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13th Aug 2022

German parties agree 'Grand Coalition'

  • Bundestag: A deal has been reached, but needs approval (Photo: BriYYZ)

German Chancellor Angela Merkel in the early hours of Wednesday (27 November) reached a deal for a "Grand Coalition'" with the Social Democrats (SPD), after over two months of negotiations.

But the centre-left party still needs the approval of its 475,000 members, with the vote result expected on 14 December.

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Merkel and the leaders of the SPD and her Bavarian sister-party, CSU, will present the coalition deal later on Wednesday. The parties have divided the ministries among themselves, but the names of the new ministers will not be made public until after the SPD vote, prompting criticism from opposition parties.

SPD general secretary Andrea Nahles on her way out of the 17-hour long talks seemed confident the party members will endorse the deal.

"I am pretty sure with this result we will be closer to a Yes than a No," she said.

But some prominent Social Democrats, like the writer Gunter Grass are openly against another Grand Coalition, pointing to the fact that the parliamentary opposition will be too small for a proper democratic checks and balances system.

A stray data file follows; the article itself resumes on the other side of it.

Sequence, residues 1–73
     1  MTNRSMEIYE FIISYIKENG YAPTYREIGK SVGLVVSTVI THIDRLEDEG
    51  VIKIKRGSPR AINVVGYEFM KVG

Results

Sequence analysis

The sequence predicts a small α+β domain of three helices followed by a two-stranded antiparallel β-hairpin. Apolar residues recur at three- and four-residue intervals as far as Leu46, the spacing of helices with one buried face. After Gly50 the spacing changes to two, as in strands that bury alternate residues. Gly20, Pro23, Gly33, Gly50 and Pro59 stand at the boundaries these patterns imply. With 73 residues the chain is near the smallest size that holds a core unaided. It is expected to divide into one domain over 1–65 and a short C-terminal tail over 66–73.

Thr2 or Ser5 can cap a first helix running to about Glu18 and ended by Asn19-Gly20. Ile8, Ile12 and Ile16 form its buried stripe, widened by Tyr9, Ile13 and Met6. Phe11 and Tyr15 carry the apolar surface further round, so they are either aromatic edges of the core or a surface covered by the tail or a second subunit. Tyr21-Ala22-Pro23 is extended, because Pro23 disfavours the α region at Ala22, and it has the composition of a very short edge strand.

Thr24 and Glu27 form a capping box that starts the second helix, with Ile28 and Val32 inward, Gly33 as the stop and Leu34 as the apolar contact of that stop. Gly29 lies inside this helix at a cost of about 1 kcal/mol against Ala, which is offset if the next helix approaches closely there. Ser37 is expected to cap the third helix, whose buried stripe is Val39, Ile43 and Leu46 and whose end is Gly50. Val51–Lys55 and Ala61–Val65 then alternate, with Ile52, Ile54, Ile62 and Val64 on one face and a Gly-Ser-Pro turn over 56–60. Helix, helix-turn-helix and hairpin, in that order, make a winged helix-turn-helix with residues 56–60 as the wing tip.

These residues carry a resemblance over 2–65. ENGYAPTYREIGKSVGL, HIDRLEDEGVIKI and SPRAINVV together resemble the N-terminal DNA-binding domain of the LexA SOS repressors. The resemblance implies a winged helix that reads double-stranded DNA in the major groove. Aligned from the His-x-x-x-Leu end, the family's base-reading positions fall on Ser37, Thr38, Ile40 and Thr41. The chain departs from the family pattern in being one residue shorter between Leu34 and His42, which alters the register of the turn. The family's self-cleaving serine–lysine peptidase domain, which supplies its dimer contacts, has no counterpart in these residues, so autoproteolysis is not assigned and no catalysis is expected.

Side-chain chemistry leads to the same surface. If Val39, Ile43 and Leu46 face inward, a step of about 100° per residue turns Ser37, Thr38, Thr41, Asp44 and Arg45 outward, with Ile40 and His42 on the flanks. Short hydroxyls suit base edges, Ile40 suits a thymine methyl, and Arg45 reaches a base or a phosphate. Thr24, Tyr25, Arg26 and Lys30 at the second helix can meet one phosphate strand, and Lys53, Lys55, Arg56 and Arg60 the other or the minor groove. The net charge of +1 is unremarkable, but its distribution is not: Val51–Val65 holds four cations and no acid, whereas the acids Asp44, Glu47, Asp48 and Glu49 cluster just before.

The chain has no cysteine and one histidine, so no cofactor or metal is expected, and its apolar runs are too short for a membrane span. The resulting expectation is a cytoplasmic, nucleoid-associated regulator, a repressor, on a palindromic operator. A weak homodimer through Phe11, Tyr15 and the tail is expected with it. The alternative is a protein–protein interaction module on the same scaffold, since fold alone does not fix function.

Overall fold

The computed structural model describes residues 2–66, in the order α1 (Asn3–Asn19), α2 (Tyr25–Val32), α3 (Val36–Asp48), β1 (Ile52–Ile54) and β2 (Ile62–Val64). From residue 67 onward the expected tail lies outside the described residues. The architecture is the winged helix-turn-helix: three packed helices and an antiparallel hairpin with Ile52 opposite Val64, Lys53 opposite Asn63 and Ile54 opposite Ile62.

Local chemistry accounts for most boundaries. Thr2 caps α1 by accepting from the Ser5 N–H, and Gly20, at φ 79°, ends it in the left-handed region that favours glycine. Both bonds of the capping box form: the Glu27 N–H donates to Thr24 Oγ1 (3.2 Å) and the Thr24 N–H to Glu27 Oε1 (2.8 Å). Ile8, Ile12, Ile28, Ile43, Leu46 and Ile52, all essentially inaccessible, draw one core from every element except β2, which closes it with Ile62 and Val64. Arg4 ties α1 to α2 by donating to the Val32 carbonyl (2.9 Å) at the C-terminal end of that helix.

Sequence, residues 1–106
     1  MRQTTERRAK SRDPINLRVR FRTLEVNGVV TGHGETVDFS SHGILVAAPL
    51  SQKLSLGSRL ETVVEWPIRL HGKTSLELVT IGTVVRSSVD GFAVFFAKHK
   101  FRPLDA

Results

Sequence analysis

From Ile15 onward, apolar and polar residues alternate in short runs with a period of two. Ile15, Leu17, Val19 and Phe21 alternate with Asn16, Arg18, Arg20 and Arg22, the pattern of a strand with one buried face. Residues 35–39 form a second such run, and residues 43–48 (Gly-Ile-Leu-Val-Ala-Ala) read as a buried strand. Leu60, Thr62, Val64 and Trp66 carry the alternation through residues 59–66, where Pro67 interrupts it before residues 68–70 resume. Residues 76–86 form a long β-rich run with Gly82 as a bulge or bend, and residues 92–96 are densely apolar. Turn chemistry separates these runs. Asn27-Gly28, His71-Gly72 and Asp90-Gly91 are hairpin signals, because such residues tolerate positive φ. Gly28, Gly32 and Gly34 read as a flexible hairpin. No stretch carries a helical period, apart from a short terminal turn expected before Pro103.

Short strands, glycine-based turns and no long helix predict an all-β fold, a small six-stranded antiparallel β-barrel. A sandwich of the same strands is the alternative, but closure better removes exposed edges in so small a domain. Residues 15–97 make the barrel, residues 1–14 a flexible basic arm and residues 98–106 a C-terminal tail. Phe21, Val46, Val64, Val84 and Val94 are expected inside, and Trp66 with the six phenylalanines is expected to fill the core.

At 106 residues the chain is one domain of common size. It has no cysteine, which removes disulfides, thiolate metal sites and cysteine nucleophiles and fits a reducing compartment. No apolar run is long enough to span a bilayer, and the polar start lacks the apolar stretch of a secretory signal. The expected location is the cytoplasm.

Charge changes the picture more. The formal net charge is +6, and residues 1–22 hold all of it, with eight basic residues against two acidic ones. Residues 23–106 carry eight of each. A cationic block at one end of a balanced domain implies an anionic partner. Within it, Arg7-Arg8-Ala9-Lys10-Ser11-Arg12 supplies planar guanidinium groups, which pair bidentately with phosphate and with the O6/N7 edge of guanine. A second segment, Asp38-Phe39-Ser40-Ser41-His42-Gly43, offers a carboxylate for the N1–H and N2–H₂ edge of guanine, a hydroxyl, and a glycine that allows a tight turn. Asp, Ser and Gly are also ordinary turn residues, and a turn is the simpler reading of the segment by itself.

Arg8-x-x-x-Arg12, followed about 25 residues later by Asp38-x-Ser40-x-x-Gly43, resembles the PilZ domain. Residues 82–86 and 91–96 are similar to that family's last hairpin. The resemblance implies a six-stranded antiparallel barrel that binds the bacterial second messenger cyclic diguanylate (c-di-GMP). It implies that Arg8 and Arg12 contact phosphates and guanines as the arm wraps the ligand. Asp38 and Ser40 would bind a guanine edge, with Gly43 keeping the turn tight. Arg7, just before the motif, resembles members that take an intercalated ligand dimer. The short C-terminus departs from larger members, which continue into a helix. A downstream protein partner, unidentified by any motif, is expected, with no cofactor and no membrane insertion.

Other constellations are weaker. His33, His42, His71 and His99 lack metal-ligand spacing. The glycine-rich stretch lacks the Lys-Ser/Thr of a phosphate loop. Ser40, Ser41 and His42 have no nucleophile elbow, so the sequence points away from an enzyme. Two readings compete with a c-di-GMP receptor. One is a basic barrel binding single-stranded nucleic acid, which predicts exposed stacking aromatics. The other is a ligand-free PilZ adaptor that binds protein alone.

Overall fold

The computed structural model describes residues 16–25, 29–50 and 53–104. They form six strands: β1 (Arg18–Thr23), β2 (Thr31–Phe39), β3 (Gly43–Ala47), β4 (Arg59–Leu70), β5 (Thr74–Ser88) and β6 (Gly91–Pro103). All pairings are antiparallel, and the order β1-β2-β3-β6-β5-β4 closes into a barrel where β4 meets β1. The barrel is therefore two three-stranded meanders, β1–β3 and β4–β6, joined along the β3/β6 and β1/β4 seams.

Others fear that the SPD will further erode its support base - as it did in the last Grand Coalition with Merkel between 2005 and 2009 - because it will fail to really steer policies more to the left.

But polls indicate that snap elections would be an even worse option for the SPD. They are currently polling at 23 percent, three points down compared to their 22 September elections result.

As for the coalition deal, the SPD got its way on the introduction of a minimum wage of €8.5 an hour. But it will only be introduced from 2015 and some jobs - like seasonal workers in agriculture or newspaper vendors - will continue to have lower wages.

European Parliament chief Martin Schulz, a member of the SPD negotiation team, gave somewhat good news to troubled eurozone countries.

A 2012 deal on allowing troubled banks to be directly recapitalised from the eurozone's bailout fund (ESM) - which seemed to be off Merkel's table in recent months - seems to be partially back.

"We have agreed in principle, that the cascade of liabilities when a bank is being wound down has to be stopped," Schulz said, in reference to the vicious circle between troubled banks and state coffers.

In order to break this circle, first there will be a "bail-in process" hitting the bank's creditors, then a state guarantee for the banks.

"Finally, if the bail-in process and the state guarantee are not working, then there can be direct recapitalisation from the ESM," Schulz said.

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